Students enrolled in an online class can take the class wherever they are in the world. If they are taking a traditional campus course, they have to become accustomed to different classroom cultures, and form various learning styles to accommodate their professors. Students often can do away with this bias through online learning (Lei & Gupta, 2010). Another positive in the eyes of students is the flexible nature of the course and the independence they have to work at their own speed. Online students also have the ability to hold a full-time job during the day, managing their schoolwork and studying at night and on the weekends.

Students can access courses and engage in online learning from anywhere in the world. Many universities are beginning to account for students with busy family and work schedules. Since many students rely on a steady stream of income to cover bills and other expenses, several universities have turned their marketing efforts to take into account the working adult’s lifestyle. Many accredited institutions are recognizing the need for a program that is time sensitive and are adjusting their curriculum for that reason.

If students have certain family and job responsibilities but still wish to carry on with learning and developing in their career, online learning is an excellent option. Students also no longer have to worry about daily parking and commuting issues associated with driving to campus. Not having to drive to class is a positive aspect to a student that is trying to live a more frugal and greener lifestyle. Since the materials, coursework, and teacher is accessible anytime and anywhere, there is not a need to commute to campus which thusly translates to lowering carbon emissions.

Without having to travel to class, students are able to save money on gas and are able to decrease the amount of wear and tear that commuting puts on their vehicle (Nagel, Maniam, Leavell, 2011). As you can see, there are several positive factors that have led to the growth in online education FACULTY PERCEPTIONS AND PERSPECTIVES Whether you see online learning in a positive or negative light, it is continuing to grow at a rapid pace and many faculty members have strong feelings and perspectives about it.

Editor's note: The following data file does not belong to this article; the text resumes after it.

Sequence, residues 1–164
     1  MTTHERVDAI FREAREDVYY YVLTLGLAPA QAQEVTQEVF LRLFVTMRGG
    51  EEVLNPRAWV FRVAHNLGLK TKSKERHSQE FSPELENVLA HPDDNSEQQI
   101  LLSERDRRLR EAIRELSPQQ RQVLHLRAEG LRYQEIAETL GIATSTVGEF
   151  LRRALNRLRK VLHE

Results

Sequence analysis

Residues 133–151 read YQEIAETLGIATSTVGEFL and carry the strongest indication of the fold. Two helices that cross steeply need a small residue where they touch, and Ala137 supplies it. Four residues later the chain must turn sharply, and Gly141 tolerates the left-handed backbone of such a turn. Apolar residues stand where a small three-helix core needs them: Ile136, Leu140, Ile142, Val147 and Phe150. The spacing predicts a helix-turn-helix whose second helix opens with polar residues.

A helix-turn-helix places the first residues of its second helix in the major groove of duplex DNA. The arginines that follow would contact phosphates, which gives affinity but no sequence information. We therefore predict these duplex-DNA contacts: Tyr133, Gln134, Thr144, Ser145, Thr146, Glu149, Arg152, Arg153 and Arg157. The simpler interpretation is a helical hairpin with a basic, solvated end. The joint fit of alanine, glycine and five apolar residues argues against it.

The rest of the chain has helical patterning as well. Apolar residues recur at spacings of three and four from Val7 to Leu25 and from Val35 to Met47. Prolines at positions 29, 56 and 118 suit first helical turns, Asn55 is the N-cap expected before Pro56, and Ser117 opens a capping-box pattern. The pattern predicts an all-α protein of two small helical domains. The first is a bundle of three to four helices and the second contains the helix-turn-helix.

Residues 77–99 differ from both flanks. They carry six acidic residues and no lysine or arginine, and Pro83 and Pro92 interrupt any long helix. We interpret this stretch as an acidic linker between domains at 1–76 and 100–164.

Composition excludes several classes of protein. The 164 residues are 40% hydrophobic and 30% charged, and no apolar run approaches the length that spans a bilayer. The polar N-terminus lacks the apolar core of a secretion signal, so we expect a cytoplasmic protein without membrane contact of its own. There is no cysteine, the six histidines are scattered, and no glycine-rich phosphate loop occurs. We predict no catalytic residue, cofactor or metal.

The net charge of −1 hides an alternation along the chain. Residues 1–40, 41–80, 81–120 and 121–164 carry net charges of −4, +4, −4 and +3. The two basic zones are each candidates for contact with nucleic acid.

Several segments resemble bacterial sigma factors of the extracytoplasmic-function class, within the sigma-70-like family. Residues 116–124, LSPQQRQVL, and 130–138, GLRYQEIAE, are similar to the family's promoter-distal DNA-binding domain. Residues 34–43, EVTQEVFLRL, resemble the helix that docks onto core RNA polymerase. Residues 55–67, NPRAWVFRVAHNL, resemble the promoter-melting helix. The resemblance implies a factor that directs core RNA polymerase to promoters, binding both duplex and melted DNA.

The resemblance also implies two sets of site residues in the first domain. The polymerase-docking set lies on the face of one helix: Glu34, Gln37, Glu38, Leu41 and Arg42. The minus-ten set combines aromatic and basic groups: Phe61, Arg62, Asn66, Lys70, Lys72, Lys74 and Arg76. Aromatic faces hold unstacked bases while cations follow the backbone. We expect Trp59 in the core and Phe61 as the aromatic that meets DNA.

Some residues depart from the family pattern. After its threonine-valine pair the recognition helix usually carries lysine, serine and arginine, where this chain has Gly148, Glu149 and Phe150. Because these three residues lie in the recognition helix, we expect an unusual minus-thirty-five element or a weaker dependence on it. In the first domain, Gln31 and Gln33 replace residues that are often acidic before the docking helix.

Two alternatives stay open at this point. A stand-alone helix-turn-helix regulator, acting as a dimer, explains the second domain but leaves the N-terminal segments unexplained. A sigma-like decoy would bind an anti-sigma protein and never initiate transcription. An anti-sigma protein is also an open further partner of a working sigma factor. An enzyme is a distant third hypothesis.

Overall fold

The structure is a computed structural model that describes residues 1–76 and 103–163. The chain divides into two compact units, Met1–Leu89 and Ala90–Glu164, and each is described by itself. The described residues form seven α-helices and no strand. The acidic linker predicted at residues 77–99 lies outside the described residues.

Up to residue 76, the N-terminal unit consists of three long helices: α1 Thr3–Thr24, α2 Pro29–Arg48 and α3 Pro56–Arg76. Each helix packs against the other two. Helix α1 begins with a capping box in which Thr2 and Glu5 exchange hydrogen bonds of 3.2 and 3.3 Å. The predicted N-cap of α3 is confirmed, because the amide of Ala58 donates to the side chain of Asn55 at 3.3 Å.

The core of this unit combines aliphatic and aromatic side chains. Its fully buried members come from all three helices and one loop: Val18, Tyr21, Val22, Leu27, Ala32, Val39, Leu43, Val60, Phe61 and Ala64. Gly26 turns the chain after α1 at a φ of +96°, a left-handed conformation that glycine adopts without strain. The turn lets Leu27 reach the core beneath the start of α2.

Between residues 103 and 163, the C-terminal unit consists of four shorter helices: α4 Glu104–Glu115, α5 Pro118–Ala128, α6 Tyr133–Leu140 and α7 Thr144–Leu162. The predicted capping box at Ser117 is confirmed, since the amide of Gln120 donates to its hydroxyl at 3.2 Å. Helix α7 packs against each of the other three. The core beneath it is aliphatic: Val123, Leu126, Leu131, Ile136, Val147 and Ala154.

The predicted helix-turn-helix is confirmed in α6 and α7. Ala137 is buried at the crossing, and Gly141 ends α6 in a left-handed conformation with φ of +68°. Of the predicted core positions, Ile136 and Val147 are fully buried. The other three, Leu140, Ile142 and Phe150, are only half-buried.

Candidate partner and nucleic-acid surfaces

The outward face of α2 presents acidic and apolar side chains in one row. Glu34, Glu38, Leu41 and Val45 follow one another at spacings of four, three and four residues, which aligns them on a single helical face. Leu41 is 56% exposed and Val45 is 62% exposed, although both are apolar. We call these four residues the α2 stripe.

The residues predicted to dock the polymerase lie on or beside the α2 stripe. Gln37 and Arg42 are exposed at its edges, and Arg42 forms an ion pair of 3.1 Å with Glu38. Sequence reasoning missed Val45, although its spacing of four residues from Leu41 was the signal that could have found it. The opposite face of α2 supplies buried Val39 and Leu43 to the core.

Faculty members are attempting to adapt to the increasing demand for online education while universities and other institutions of higher education are steering toward online methods of course instruction as an answer to increasing number of student enrollments. Innovation in online education is imperative to not only meet the growing need in the marketplace for higher education, but also to sustain the continued advancement and growth of today’s institutions. In a traditional, classroom-setting education, faculty generally implements a standard 40-40-20 to their workload. This is in reference to the total hours spent instructing a course.

Teaching in the classroom accounts for 40% of time spent, 40% spent on course-related research, and the remaining 20% of workload is dedicated to service (Mupinga & Maughan, 2008). This formula for teaching, however, can bring about obstacles when applied to instruction of web-based courses. The inherent nature of a successful online course requires a certain level of technical “know-how”, technical support capabilities, a need for infrastructure, and an altered course organization from that of a traditional course format, which can create a significant disconnect between time spent and compensation earned.

It is not difficult for one to clearly understand the concerns that faculty face when expected to provide online course instruction. Unfortunately some professors who have never instructed an online course have mistakenly believed the process would be fairly easy, and flexible, unaware of the significant challenges that exist in the creation of the course program. However, often times, professors are very well aware of the technological difficulties related to online course delivery causing them to be apprehensive over participating in this method of education. Colaris, Gibson, & Harris, 2008) Some feel that with the increased demand of time required to effectively educate students through an online course, there should be an increase of compensation to match. However, it is commonly understood by most instructors that additional compensation will not be paid for teaching an online course. Most likely it is the case that additional pay would only be applied if the course enrollment numbers become unmanageable or if the technology tools necessary for course development are not provided.

These very issues of workload and pay are those that universities and other institutions absolutely must address in order to sustain successful efforts to provide an answer to the needs of online education, while maintaining a focus on achieving their own unique goals within the world of education (Orr, Pennington, & Williams, 2009). Additionally, as universities are continually expanding their reach, and aiming to bring in higher numbers of enrollment, further hiring of faculty is necessary to serve the student body as well as redesign and devise innovative methods of online education (Good & Peca, 2007).

Older generations of students are continually seeking out both new skills and new knowledge to adapt to an ever-changing marketplace and economic landscape, adding to the demand for institutions and universities to provide effective and relevant options for online education (Kolowich, 2009). Simultaneously, institutions of education are continually looking for creative solutions to sidestep tuition hikes as they suffer the microscope of tight budget constraints.